CHINESE 136Readings in Medieval Prose4
CHINESE C140Readings in Chinese Buddhist Texts4
CHINESE 155Readings in Vernacular Chinese Literature4
CHINESE 176Bad Emperors: Fantasies of Sovereignty and Transgression in the Chinese Tradition4
CHINESE 178Traditional Chinese Drama4
CHINESE 179Exploring Premodern Chinese Novels4
CHINESE 180The Story of the Stone4
JAPAN C115Buddhism and its Culture in Japan4
JAPAN 116Introduction to the Religions of Japan4
JAPAN 120Introduction to Classical Japanese4
JAPAN 130Classical Japanese Poetry4
JAPAN 132Premodern Japanese Diary (Nikki) Literature4
JAPAN 140Heian Prose4
JAPAN C141Introductory Readings in Kanbun4
JAPAN 144Edo Literature4
JAPAN 170Classical Japanese Literature in Translation4
KOREAN 130Genre and Occasion in Traditional Poetry4
KOREAN 140Narrating Persons and Objects in Traditional Korean Prose4
MONGOLN 110Literary Mongolian4
MONGOLN 116The Mongol Empire4
MONGOLN C117Mongolian Buddhism4
Intensive Readings in Tibetan
and Intensive Readings in Tibetan
Tibetan Buddhism
and Intensive Readings in Tibetan
TIBETAN 116Traditional Tibet4
TIBETAN 119Tibetan Medicine in History and Society4
TIBETAN C154Death, Dreams, and Visions in Tibetan Buddhism4
Modern Electives
CHINESE 153Reading Taiwan4
CHINESE 156Modern Chinese Literature4
CHINESE 157Contemporary Chinese Literature4
CHINESE 158Reading Chinese Cities4
CHINESE 172Contemporary Chinese Language Cinema4
CHINESE 187Literature and Media Culture in Taiwan4
CHINESE 188Popular Media in Modern China4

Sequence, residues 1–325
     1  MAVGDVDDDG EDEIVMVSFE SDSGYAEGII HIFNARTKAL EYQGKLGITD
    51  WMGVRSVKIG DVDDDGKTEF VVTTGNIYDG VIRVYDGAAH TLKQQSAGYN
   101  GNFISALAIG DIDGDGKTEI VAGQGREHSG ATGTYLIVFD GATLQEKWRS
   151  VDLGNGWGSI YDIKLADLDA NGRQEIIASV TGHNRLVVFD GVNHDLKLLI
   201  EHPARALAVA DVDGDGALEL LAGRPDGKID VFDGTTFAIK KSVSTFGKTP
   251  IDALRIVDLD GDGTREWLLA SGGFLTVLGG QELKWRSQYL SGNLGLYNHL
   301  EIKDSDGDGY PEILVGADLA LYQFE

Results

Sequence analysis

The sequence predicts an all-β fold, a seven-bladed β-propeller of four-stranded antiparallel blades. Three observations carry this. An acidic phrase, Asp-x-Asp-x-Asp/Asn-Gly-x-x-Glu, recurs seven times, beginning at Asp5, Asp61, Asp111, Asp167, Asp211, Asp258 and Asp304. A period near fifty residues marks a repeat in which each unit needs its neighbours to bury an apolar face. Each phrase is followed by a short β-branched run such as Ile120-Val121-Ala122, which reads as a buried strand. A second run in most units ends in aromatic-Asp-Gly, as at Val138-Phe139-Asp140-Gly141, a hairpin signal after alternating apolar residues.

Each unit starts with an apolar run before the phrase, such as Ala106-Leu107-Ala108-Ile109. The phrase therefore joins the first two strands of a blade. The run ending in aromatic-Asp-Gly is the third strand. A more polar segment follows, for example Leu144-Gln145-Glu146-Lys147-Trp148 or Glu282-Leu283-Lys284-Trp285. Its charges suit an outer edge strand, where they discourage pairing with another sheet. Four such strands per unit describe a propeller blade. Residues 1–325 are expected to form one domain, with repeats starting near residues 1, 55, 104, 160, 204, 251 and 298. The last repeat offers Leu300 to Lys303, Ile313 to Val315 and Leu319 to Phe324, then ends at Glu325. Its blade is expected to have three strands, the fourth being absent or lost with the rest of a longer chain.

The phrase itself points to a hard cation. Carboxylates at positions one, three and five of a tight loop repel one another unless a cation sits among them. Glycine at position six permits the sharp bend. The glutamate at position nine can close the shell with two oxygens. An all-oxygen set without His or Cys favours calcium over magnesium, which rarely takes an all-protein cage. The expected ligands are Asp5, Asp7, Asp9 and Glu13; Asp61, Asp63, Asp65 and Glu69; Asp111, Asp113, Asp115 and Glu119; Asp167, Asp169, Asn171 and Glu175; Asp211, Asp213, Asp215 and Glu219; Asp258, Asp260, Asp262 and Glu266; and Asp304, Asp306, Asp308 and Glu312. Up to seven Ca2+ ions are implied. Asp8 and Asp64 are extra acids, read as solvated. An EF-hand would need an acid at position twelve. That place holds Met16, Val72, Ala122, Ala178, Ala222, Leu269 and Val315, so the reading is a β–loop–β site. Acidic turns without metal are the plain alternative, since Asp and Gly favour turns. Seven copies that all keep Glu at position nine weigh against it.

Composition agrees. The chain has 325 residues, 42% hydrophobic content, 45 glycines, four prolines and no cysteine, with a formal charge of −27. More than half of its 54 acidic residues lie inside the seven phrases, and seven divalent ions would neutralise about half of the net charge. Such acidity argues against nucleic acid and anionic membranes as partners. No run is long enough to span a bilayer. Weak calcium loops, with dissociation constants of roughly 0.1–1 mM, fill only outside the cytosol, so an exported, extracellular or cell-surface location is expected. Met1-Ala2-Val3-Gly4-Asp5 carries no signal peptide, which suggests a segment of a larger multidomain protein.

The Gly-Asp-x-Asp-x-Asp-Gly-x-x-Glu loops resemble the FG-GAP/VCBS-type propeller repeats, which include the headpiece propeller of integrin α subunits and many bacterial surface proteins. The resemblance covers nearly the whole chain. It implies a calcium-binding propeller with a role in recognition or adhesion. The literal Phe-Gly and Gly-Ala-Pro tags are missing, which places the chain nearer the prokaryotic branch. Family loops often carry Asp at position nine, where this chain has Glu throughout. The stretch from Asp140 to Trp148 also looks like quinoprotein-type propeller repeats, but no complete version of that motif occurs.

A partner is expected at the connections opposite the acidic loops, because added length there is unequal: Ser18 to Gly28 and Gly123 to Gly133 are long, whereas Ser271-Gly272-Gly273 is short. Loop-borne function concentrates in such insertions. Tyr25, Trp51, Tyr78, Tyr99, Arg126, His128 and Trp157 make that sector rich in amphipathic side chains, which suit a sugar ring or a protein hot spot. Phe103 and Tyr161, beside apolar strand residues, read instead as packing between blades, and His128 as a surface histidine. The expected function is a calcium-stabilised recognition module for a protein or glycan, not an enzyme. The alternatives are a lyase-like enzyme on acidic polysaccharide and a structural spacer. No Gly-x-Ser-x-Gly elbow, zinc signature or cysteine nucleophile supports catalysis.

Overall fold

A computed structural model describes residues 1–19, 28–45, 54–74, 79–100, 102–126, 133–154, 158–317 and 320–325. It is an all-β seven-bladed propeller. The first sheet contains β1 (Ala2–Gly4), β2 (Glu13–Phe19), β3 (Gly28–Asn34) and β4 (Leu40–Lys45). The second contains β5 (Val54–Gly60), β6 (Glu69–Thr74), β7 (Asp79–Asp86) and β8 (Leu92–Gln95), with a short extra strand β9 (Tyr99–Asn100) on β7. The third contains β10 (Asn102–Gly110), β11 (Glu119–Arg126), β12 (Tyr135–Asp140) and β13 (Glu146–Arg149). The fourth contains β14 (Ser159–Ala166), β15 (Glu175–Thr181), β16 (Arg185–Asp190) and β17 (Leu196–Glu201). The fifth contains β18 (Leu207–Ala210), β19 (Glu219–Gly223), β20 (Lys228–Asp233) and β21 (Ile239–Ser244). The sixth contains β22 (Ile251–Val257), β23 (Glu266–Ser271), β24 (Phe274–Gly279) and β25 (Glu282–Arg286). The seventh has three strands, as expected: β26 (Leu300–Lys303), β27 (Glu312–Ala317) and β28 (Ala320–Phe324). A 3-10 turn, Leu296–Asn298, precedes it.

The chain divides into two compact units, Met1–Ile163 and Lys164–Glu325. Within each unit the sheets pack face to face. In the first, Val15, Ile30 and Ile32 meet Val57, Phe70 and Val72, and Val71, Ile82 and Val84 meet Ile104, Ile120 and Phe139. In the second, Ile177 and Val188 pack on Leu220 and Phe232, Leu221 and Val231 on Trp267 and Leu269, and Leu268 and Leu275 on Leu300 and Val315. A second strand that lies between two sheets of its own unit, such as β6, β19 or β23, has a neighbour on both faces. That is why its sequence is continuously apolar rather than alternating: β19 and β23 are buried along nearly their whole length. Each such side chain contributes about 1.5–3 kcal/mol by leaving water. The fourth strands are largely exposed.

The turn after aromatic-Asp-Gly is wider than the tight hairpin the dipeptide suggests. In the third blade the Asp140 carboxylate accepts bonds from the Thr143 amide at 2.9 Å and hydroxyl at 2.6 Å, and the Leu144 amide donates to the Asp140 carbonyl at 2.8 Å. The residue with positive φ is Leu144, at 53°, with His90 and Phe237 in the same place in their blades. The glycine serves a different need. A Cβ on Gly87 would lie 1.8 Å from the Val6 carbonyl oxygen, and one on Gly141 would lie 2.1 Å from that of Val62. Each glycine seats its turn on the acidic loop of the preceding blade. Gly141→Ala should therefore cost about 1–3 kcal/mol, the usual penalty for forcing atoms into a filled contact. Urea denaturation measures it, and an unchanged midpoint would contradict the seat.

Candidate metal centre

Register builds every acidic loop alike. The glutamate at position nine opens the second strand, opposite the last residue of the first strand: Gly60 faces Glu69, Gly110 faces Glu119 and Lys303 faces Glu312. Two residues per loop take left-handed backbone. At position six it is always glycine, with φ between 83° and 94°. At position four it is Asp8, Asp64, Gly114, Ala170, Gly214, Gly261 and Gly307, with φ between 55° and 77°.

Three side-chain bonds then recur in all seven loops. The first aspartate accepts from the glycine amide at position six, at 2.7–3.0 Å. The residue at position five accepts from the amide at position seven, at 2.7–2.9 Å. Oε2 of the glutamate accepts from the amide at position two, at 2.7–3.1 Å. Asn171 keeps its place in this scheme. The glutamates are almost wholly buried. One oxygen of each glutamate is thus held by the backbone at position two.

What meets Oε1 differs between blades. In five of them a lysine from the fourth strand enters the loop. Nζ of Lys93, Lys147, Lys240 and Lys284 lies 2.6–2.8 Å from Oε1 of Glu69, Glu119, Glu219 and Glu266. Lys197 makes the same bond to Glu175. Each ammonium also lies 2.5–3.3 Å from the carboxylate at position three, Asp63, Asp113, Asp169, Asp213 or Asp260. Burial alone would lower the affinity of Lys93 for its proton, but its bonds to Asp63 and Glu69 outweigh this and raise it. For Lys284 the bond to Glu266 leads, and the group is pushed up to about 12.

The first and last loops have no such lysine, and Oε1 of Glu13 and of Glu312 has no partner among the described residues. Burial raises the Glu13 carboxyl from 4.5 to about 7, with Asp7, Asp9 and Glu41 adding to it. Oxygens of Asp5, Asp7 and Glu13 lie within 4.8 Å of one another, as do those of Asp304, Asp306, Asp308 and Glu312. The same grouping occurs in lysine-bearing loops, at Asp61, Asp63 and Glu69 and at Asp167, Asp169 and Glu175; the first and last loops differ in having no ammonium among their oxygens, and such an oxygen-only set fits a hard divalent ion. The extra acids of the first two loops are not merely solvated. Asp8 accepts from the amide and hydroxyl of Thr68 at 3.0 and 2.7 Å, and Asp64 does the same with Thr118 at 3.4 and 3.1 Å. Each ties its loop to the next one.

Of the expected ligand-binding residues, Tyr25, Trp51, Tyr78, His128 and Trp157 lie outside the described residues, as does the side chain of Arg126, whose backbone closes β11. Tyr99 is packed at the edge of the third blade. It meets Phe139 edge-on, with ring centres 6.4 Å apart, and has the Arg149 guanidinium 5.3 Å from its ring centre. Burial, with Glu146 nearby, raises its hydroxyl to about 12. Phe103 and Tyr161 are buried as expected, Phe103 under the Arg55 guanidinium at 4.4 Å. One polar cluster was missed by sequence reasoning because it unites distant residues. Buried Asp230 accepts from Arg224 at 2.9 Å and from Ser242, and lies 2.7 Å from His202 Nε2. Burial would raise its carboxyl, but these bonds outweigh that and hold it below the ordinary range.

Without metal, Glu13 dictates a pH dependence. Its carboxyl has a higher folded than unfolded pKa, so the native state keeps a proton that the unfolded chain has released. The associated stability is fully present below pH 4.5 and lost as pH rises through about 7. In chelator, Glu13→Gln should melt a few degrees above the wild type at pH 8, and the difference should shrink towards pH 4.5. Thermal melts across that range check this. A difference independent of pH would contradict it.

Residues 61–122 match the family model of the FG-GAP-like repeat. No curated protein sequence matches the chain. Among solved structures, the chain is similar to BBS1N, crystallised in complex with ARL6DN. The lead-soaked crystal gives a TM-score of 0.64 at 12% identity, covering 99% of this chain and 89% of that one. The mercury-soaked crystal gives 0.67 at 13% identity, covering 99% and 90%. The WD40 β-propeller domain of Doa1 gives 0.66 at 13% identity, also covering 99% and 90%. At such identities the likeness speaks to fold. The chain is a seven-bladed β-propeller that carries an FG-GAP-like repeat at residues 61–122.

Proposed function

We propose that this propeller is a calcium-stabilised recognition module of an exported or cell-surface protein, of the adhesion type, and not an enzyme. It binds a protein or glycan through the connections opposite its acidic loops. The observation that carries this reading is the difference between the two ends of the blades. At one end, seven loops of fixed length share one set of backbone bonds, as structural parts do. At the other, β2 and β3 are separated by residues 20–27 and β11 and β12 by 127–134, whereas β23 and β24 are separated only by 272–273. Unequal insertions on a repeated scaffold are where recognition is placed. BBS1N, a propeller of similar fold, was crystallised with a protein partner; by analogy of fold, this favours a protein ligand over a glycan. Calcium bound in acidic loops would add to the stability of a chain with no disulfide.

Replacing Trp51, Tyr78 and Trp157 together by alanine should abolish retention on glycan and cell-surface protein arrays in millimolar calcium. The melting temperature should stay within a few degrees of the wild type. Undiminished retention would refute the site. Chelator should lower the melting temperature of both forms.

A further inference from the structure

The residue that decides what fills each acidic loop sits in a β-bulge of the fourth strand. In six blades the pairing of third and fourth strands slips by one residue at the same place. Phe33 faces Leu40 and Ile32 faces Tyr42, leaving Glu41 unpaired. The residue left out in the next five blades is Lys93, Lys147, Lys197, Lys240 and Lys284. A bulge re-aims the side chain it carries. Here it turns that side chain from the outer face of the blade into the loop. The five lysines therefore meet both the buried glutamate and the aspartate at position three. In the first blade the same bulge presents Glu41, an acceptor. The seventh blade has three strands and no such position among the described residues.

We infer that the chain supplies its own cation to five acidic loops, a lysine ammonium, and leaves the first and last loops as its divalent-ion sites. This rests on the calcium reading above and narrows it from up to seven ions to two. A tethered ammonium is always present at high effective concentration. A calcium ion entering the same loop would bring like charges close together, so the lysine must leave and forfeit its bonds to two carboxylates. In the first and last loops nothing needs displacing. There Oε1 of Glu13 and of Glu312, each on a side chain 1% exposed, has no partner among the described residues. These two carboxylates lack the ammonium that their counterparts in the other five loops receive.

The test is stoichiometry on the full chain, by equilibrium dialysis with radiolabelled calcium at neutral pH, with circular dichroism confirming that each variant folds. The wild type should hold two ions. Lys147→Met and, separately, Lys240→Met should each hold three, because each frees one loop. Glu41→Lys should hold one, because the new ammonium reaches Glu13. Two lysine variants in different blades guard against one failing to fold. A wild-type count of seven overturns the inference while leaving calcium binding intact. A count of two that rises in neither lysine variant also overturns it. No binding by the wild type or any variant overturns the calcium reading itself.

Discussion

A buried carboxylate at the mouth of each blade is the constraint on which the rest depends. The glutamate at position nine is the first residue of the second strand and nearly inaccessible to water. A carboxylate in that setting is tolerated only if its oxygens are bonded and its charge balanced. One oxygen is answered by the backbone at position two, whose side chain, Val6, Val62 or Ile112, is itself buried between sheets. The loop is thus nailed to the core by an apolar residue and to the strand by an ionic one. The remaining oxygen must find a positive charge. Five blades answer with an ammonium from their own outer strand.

JAPAN 155Modern Japanese Literature4
JAPAN 159Contemporary Japanese Literature4
JAPAN 160Introduction to Japanese Linguistics: Grammar4
JAPAN 161Introduction to Japanese Linguistics: Usage4
JAPAN 163Translation: Theory and Practice4
JAPAN 173Modern Japanese Literature in Translation4
JAPAN 178Murakami Haruki and Miyazaki Hayao: the Politics of Japanese Culture from the Bubble to the Present4
JAPAN 180Ghosts and the Modern Literary Imagination4
JAPAN 181Reframing Disasters: Fukushima, Before and After4
JAPAN 185Introduction to Japanese Cinema4
JAPAN 188Japanese Visual Culture: Introduction to Anime4
JAPAN 189Topics in Japanese Film4
KOREAN 150Modern Korean Poetry4
KOREAN 153Readings in Modern Korean Literature4
KOREAN 155Modern Korean Fiction4
KOREAN 157Contemporary Korean Literature4
KOREAN 170Intercultural Encounters in Korean Literature4
KOREAN 172Gender and Korean Literature4
KOREAN 174Modern Korean Fiction in Translation4
KOREAN 180Critical Approaches to Modern Korean Literature4
KOREAN 185Picturing Korea4
KOREAN 186Introduction to Korean Cinema4
KOREAN 187History and Memory in Korean Cinema4
KOREAN 188Cold War Culture in Korea: Literature and Film4
KOREAN 189Korean Film Authors4
MONGOLN 118Modern Mongolia4
TIBETAN 115Contemporary Tibet4
TIBETAN 118The Politics of Modern Tibet4



To declare the Major, please schedule an appointment with the departmental advisor on Calendly: https://calendly.com/cassandra-dunn-ug-advisor.
For quick questions about requirements, you can email the departmental advisor at cassandrajj@berkeley.edu.

Contact Information

Department of East Asian Languages and Cultures

3413 Dwinelle Hall

Phone: 510-642-3480

Fax: 510-642-6031


Visit Department Website

Department Chair

Robert Ashmore

3403 Dwinelle Hall


Student Services Advisor

Cassandra Dunn

7228 Dwinelle Hall

Phone: 510-643-8741


Back to Top